Nephrology has constantly fought against, and sometimes succumbed to, a narrative of decline and stagnation. There is a complaint that new therapies are not being developed or approved, there has been a paucity of successful clinical trials, and in-center dialysis remains the standard of care for kidney failure. It is time to put this negative narrative to rest. Over the past year, I have had the privilege of leading the Kidney Health Initiative (KHI) and from that vantage point have seen firsthand that today is a new day for innovation in kidney diseases.
Physicians, scientists, and other health professionals are problem solvers. This reality is especially true in nephrology, in which complex diseases and co-existing conditions are often challenging and sometimes daunting. However, this very complexity provides so many of us lifelong career interest and opportunities, and profound satisfaction when we can provide and improve care for our patients with kidney diseases.
As ASN marks its 50th year, it is worth looking back at the landscape for kidney patients and professionals in 1966. Although we nephrologists sometimes bemoan the lack of innovation in our field, the advances made
In my last column I looked back at nephrology in 1966, the year ASN was founded, and marveled at the advances made in the past 50 years. In this column I’ve described my thoughts of what will be roles and activities of the nephrologist of the future, and the way in which kidney professionals will transform that future.
A Look into the Future
There will be an increasing reliance on “big data” to inform our understanding of underlying mechanisms of kidney pathophysiology, and we will have new and more precise tools to analyze the data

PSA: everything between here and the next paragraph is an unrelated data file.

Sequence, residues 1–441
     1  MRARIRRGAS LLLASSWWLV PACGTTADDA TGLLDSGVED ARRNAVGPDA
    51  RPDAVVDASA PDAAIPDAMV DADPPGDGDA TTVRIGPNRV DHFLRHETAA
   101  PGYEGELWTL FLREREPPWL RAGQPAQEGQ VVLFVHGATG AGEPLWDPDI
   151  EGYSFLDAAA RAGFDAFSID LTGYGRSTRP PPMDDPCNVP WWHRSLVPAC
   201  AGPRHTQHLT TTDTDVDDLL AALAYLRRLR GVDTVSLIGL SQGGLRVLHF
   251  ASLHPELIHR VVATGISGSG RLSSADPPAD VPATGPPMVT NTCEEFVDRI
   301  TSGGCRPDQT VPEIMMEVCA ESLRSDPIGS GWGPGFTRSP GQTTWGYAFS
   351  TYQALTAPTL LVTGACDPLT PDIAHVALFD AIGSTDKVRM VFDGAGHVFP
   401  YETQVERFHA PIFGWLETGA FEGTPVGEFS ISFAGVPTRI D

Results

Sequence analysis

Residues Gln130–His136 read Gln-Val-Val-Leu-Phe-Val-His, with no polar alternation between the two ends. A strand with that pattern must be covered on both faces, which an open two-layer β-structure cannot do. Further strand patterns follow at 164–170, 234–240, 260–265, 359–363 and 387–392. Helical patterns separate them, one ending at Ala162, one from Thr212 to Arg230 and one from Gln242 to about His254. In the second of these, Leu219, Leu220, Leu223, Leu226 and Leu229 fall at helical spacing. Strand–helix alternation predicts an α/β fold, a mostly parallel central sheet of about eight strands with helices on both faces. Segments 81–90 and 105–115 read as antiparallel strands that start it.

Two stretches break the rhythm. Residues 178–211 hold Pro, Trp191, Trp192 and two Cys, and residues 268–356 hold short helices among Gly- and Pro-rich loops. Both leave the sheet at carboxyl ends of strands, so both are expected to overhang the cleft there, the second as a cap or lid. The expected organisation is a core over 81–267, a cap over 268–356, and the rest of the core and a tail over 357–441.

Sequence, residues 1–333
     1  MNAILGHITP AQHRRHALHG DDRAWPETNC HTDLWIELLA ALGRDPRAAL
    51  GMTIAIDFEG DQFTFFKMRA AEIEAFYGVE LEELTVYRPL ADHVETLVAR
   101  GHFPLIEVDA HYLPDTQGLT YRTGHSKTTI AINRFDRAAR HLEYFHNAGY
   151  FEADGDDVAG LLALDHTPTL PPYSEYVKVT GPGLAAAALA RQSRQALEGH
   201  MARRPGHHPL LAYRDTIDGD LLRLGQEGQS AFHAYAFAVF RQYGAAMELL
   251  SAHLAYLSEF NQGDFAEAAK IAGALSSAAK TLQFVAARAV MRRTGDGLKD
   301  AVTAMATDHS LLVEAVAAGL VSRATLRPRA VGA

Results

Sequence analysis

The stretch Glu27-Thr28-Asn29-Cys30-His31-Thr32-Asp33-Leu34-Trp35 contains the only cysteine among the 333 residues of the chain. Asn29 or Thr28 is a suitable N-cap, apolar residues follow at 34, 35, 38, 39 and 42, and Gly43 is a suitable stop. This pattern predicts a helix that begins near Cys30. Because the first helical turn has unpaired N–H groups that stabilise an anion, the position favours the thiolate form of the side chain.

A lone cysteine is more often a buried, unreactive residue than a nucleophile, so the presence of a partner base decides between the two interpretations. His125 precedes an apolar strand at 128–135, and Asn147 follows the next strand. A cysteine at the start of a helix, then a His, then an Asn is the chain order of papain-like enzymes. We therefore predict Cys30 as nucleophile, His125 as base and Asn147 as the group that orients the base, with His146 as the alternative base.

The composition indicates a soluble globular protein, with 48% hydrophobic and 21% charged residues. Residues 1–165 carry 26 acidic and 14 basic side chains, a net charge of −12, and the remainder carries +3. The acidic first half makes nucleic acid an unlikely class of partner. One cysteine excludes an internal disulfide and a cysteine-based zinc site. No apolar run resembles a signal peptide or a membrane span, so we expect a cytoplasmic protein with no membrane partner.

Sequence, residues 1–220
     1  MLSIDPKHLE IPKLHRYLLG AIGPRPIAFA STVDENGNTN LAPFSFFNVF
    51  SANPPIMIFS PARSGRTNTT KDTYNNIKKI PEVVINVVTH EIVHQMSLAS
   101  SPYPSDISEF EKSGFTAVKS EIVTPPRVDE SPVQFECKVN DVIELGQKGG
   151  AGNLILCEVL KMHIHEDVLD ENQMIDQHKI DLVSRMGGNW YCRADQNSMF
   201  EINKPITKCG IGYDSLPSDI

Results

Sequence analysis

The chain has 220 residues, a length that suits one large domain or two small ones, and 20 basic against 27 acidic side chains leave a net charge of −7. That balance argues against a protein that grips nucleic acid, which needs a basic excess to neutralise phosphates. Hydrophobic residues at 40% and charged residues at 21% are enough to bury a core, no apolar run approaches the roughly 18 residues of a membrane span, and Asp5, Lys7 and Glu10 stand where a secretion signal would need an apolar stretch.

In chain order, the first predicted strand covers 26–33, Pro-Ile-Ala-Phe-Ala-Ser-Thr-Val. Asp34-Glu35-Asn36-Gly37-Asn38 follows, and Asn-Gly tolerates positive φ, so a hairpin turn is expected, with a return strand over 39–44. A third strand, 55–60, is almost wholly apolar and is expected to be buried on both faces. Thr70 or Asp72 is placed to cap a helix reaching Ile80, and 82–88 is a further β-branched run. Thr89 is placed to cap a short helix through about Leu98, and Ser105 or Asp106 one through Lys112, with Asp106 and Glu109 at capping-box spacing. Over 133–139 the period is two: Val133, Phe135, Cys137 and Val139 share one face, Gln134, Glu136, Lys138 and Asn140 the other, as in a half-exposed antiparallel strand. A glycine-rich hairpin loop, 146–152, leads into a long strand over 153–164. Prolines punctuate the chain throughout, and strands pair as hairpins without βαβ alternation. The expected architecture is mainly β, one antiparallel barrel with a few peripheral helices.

Looking back to this time last year, ASN was commending President Obama for his bold leadership in securing a budget increase for NIH and NIDDK in 2016. Regrettably, his 2017 budget proposal would short-change NIDDK and kidney research. Kidney disease affects more than 20 million Americans and costs Medicare $80 billion. The Medicare End-Stage Renal Disease Program alone costs $35 billion, more than NIH’s entire budget. Yet federal investments in kidney research are less than 1% of total kidney care costs.
There have been several major breakthroughs in the past several years thanks to NIDDK-funded research. For example, geneticists focused
Fifty years ago this year, a group of illustrious Nephrologists and prominent Internists met to form the American Society of Nephrology. Nephrology as a subspecialty had arisen both from studies of renal physiology and from studies and clinical activities related to metabolic and hemodynamic alterations related to kidney failure. As a field, it had clinical roots in cardiology. Indeed, the first renal society in the United States was the Renal Section of the Circulation Council of the American Heart Association. Although Nephrology was already an accepted subspecialty, the formation of the ASN signaled that in
Nephrologists have always been considered among the best educators in medicine. Our commitment to excellence in patient care and research extends to finding innovative ways to teach students, residents, and fellows about some of the most complex (and interesting) issues physicians and scientists face. Nephrologists also know how to provide complete care for a complex patient population in ways that most other specialties do not.